The character development in Bullet Train is superb. There are tons of satirical conversations between Ladybug and Tangerine, and Ladybug and Lemon. All of the main characters are criminal pros, and as the tension grows they think back on their background and to funny conversations with clever metaphors and references. Be ready to hear a generous amount of references to Thomas the Train. One character repeatedly refers to it as his way of coping with stressful situations, and the references are always hysterical.

Bullet Train is flat out fun with many tangents, and it’s unforgettable. There are many blindsiding scenarios where the film becomes a ride of laughs, action, and non-stop brilliance from the mind of director David Leitch. It is an action hijacking film on acid, a warp-speed of brilliance and engrossing suspense. I did not want the train to stop. With Brad Pitt in fight mode there is always an extra hit of something, an iron fist, sarcasm, misdirection, or a combination of the above. See Pitt in his epic performance on a very fast train. Four stars for Bullet Train.

Vengeance Review

In his directorial debut, B.J. Novak (Ryan from “The Office”) brings us Vengeance, a hysterical and dark film that defines how small a world can be for an introverted reporter with an articulate and creative mind.

In Vengeance Novak plays Ben Manalowitz, a radio host in New York City. When a girl that he previously hooked up with is found dead, Ben decides to go down South to investigate her death. The women’s family hosts Ben and the trip ends up being more than he anticipated. He gets more insight on the girl he dated, but also gets a taste for the place she grew up —a town with an oddball of a family and lots of redneck activities.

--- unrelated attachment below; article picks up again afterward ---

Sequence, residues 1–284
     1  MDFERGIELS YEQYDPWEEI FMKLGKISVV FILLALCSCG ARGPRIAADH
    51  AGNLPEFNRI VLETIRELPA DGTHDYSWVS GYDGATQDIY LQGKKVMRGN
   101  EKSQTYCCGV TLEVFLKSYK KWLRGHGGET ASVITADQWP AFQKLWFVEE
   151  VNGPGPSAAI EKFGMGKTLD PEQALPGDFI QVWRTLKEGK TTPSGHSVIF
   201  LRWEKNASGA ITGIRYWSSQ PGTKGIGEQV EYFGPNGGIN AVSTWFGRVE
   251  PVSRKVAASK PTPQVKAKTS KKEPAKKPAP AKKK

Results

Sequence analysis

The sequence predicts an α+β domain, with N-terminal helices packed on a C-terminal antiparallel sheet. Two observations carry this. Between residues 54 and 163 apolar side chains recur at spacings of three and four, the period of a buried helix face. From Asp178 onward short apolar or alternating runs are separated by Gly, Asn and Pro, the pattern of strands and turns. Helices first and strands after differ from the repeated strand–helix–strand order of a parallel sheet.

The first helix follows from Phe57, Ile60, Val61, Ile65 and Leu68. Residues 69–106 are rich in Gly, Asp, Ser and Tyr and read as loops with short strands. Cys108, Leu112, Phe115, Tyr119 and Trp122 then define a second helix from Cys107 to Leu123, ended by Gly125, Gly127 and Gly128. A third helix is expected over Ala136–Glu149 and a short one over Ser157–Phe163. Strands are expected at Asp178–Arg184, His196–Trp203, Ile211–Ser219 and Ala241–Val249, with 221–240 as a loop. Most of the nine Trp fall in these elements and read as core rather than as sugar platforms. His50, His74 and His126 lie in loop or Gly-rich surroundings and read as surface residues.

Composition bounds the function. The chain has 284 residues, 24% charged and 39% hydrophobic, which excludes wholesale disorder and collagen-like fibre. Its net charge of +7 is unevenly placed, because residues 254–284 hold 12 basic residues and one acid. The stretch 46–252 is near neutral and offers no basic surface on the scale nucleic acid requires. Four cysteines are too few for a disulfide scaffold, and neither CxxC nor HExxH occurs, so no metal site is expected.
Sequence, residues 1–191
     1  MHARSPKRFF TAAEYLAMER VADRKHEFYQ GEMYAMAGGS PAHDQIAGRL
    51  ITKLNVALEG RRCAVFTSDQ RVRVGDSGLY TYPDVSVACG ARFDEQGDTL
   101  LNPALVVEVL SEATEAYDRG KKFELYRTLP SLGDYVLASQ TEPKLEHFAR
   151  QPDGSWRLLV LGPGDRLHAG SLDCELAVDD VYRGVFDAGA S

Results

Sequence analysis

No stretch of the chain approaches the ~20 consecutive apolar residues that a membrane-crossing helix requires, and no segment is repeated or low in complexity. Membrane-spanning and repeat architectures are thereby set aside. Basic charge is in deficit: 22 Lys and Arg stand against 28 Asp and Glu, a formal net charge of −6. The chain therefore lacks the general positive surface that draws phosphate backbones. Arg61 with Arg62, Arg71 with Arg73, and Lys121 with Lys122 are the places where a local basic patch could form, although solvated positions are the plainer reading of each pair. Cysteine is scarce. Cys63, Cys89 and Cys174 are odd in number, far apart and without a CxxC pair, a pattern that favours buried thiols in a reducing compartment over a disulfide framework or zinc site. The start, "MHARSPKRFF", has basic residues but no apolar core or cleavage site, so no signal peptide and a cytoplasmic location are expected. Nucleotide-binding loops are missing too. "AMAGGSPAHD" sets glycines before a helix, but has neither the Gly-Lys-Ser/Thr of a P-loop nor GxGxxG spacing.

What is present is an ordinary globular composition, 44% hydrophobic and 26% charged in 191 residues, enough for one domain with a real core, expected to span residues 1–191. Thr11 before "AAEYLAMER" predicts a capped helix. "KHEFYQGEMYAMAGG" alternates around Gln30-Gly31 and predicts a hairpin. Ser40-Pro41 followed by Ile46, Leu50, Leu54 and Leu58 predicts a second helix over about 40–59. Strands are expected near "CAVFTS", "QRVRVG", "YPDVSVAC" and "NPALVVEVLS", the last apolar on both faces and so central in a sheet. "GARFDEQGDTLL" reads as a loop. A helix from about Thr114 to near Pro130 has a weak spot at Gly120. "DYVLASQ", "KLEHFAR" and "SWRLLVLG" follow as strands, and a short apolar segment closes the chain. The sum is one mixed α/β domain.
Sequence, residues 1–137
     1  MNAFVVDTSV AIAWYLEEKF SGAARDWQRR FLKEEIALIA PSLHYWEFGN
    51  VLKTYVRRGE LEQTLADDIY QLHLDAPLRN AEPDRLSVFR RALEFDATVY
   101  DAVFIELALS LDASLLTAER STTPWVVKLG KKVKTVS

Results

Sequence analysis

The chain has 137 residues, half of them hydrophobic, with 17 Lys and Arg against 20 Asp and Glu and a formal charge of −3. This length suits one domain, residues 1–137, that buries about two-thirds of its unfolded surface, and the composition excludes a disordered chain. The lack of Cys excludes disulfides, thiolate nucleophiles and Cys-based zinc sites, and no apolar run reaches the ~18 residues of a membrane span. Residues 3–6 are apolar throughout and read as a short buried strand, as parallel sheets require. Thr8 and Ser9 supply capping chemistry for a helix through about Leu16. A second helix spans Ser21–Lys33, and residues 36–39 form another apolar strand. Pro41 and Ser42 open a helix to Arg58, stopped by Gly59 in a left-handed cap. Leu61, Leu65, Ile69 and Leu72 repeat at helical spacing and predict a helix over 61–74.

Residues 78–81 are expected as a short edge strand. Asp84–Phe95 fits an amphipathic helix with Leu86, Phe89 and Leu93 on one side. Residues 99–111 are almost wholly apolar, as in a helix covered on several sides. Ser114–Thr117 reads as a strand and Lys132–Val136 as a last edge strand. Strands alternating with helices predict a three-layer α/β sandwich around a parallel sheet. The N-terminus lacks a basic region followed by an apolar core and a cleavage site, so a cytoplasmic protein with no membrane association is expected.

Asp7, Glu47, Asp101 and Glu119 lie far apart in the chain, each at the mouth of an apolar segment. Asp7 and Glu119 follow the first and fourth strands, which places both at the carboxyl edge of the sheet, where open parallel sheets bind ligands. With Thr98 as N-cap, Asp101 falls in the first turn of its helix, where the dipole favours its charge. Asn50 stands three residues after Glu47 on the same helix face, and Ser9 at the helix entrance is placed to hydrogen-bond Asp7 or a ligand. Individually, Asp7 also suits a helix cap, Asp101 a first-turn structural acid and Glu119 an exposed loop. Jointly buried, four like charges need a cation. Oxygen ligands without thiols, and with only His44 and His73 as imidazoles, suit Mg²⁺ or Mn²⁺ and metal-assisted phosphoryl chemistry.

Director Novak goes all out in culture mode in Vengeance, and the reporter side of Novak’s character brings out the craziness of the quirky characters in the film, including mother Sharon, played by J. Smith Cameron, and odd town gang member Quentin Sellers, played by Ashton Kutcher. Both actors have laid-back personalities, and they can both be silly, which works well with this dark comedy.

With the small-town setting, the background of Novak’s character, and the mystery, Vengeance is a ride of deceitful but clever humor. The title of the film may make its audience assume that the film is geared toward revenge, which is what the girl’s family wants in the beginning. But that is certainly not the film’s focus. It is more about Ben, a New York City guy, learning to blend with the rural folks and starting to become one of them.

Novak’s directing in Vengeance is top-notch, his character is outstanding, and the film is a slightly quirky but rather intriguing flick. It had me deep in thought and curiosity, but it also made me laugh a lot. I was sold on the news and reporting concept, and it was fascinating to see Ben try to adapt with the people he meets in the film. Vengeancebrings a small world of possibilities together, and it is stellar. Three and a half stars for Vengeance.